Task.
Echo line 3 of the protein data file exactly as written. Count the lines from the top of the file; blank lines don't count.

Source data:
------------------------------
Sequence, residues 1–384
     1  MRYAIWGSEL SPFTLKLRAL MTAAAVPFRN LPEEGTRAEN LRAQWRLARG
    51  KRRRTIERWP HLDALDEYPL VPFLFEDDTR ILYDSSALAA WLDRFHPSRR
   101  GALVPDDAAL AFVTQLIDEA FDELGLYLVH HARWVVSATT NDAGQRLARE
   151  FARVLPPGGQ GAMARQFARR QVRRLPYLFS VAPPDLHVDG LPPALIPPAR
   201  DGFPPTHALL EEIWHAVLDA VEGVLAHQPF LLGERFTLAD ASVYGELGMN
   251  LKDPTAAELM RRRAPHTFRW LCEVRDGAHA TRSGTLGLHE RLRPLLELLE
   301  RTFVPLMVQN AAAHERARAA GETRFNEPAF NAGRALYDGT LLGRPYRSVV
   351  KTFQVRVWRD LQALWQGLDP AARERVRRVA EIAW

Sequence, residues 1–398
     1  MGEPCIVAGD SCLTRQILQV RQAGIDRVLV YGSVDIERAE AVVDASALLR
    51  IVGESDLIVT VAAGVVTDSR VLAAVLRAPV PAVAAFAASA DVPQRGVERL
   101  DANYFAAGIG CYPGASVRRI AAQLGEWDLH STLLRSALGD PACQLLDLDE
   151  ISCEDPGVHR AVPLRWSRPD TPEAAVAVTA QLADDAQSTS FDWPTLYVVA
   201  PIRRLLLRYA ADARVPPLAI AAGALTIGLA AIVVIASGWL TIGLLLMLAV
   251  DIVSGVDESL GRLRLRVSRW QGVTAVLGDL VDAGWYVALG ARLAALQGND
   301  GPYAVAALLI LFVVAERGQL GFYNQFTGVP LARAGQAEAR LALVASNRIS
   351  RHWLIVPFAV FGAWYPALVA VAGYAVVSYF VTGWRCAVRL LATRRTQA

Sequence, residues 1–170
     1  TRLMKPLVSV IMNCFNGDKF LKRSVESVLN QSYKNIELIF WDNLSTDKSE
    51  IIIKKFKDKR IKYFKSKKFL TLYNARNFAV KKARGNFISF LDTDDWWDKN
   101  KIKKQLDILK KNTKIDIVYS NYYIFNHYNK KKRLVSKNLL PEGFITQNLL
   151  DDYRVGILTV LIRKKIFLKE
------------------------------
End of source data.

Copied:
    51  KRRRTIERWP HLDALDEYPL VPFLFEDDTR ILYDSSALAA WLDRFHPSRR